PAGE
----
The ATO, being the world leader in finding opportunities for convergence between the two values, recently published a Practice Statement LA 2016/1 to assist taxpayers in obtaining refunds of Customs duties upon the making of transfer pricing adjustments on the purchase of goods from related parties. This remedy is a clear display of emphasis on consistency over revenue collection.
Specifically, the Practice Statement applies when an entity’s taxable income is adjusted but the adjustment is not attributed to the individual components of the purchases relating to the value of the goods. In that regard, the entity could request assistance from the ATO to specify the amount of individual components that make up the adjustment. The ATO is then compelled to populate an adjustment table showing the adjustments made to individual components related to the value of the goods.
Subsequently, should a refund application be made to the ABF and that all details of the transfer pricing adjustments are shown in order, the ABF is compelled to conduct a transfer pricing valuation advice to determine whether the refund is available pursuant to the ABF’s practice statement No B_IND08.
In essence, the core principle in conducting the valuation advice is whether the transfer pricing adjustment meets the customs valuation requirements. This ties back to the valuation principles mentioned above in order to determine whether the value for transfer pricing can be adapted or further adjusted. More often than not, the value will closely mirror that determined by the ATO and a refund is subsequently issued for the excess customs duties paid for the goods earlier.
The Malaysian silence
The Royal Malaysian Customs and the Inland Revenue Board (IRB) have remained silent on this issue that cumulated to different values for the same goods whenever a transfer pricing adjustment is made. Further, no specific legislation on acceptance or evaluation of transfer pricing adjustments for Customs valuation purposes has been proposed, much less enacted.
Instead, recent announcements on increased collection targets by both regulators further solidify the ultimate end intended to be achieved — not uniformity or fairness, but revenue collection.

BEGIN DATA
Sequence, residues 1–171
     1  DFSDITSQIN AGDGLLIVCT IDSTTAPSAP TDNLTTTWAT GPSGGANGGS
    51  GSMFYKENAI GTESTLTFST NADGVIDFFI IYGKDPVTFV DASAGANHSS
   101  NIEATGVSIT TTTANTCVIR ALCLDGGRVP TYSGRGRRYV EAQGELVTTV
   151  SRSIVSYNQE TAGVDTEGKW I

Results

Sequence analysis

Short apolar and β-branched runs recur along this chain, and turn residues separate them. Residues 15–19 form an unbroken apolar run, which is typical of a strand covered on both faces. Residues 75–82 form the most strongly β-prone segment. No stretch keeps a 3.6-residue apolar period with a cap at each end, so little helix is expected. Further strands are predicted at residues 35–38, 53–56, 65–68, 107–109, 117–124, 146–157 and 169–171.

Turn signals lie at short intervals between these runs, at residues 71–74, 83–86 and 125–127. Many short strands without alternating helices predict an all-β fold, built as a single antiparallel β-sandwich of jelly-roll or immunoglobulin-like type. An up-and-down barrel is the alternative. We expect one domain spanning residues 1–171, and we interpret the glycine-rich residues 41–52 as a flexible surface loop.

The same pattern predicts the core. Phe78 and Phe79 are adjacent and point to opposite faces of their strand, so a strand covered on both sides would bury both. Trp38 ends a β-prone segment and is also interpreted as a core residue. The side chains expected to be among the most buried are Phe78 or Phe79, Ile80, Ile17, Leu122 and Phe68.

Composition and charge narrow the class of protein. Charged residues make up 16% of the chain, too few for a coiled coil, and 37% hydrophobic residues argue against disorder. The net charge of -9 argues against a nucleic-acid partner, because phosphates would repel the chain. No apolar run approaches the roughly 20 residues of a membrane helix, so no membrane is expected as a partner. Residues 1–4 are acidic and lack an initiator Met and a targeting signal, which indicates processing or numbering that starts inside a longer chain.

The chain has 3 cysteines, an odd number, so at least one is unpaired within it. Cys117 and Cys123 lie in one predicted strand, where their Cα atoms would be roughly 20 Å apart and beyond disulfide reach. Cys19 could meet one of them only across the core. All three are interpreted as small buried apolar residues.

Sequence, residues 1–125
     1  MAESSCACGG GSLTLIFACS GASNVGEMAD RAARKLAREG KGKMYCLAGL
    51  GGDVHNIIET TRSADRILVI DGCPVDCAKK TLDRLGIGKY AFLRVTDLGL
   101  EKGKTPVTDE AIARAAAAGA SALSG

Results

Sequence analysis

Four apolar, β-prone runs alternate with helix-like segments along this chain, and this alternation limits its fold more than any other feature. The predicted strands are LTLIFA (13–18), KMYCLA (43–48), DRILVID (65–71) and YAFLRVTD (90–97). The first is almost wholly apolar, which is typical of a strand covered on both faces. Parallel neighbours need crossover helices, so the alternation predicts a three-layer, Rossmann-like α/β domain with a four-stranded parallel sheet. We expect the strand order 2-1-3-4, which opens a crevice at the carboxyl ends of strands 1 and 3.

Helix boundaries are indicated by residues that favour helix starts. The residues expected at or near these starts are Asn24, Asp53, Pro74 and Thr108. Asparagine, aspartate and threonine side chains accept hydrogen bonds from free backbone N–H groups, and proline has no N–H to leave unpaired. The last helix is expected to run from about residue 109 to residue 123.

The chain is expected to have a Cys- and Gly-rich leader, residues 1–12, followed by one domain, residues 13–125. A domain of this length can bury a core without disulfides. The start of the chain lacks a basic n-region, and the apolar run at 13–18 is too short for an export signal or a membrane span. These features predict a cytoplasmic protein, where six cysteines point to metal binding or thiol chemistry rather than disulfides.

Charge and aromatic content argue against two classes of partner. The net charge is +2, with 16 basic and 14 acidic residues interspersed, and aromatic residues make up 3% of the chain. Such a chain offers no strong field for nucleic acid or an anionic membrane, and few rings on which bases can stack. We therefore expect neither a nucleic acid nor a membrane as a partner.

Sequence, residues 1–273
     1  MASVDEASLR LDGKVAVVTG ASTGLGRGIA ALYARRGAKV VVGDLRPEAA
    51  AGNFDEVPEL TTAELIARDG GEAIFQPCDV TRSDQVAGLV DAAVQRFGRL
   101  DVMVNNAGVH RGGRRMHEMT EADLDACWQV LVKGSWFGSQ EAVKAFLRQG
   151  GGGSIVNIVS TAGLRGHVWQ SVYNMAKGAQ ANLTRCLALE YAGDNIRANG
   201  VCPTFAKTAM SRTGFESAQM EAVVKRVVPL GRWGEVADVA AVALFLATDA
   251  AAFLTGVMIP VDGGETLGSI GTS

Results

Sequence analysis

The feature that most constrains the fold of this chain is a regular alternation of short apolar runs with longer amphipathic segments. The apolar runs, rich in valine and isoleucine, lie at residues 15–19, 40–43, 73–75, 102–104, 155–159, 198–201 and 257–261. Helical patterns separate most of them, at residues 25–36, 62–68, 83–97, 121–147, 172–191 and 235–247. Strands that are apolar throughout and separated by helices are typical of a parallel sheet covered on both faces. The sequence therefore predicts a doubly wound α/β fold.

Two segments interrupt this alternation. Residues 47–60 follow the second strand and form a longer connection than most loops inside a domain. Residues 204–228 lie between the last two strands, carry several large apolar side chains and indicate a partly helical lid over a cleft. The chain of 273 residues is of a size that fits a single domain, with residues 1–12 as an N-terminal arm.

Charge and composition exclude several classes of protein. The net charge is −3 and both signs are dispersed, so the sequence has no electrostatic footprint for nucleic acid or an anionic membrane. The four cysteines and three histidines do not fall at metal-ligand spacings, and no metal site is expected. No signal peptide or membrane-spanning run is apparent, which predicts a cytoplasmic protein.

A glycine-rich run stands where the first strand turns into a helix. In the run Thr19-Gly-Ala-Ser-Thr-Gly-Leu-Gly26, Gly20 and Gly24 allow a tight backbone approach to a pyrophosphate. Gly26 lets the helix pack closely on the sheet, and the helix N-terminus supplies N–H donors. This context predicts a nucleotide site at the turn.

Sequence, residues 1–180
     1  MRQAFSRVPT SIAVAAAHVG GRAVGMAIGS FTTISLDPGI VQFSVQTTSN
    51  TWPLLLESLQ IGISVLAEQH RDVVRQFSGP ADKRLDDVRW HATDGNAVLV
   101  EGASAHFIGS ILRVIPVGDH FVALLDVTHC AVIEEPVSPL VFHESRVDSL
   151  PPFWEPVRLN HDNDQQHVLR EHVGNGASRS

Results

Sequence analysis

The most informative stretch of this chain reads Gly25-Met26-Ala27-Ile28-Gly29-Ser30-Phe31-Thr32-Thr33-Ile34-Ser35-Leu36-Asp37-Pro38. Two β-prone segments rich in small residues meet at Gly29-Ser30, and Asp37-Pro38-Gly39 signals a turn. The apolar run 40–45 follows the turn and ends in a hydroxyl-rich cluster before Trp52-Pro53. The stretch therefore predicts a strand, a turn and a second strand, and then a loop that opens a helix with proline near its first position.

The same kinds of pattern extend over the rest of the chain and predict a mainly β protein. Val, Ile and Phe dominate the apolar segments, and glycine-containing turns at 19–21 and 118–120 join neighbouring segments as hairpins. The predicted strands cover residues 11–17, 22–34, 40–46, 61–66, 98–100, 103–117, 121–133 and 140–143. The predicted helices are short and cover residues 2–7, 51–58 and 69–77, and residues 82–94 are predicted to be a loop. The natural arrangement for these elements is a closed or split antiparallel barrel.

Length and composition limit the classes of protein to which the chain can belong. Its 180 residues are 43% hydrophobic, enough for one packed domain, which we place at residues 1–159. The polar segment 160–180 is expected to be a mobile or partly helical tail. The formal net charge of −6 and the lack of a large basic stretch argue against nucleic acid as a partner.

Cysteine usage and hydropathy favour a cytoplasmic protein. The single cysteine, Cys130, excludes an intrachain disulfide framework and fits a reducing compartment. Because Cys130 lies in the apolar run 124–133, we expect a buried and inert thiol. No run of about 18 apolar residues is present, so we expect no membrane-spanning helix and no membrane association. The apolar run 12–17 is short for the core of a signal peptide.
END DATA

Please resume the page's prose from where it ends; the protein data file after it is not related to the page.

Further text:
This is evident through the establishment of the Collection Intelligence Arrangement (CIA), as announced by the Prime Minister in his Budget speech for 2017 recently. In essence, the CIA falls under the purview of the Ministry of Finance and it consists of both regulators, together with the Companies Commission of Malaysia. The regulators will be sharing data and information on taxpayers with the view of enhancing efficiency in tax collection and compliance. The CIA stops short of explaining how the issue of different values for the same goods established by both regulators will be resolved.
Attaining consistency and fairness will be fairly straightforward should both regulators be merged. Nevertheless, this merger is still far from reality as Customs remains a public department under the Ministry of Finance, whereas the IRB is already corporatised. It will only materialise if the Customs is also corporatised in the near future, which appears unlikely.
Although a general refund application is made available vis-à-vis s16 of the Customs Act 1967, this must be done within a year after the initial Customs duties were paid. This time frame will quickly be surpassed by the transfer pricing audit conducted by the IRB and the subsequent retrospective adjustments that can be made up until five years. In addition, even if an adjustment is made within the said one-year period and an application is successfully lodged, the discretion afforded to Customs in determining the outcome is extremely wide. Effectively, this poses as a significant hindrance from successfully obtaining a refund.
Australia’s treatment on this issue is commendable, and it serves as a model approach for jurisdictions like Malaysia that have two regulators for income tax and Customs duties, respectively. Much remains to be seen on whether the Malaysian silence will be broken once and for all.
This article is reproduced, with permission, from the Legal Herald Special Issue on GST (May 2017 issue), a publication by Lee Hishammuddin Allen & Gledhill, Advocates & Solicitors, Kuala Lumpur, Malaysia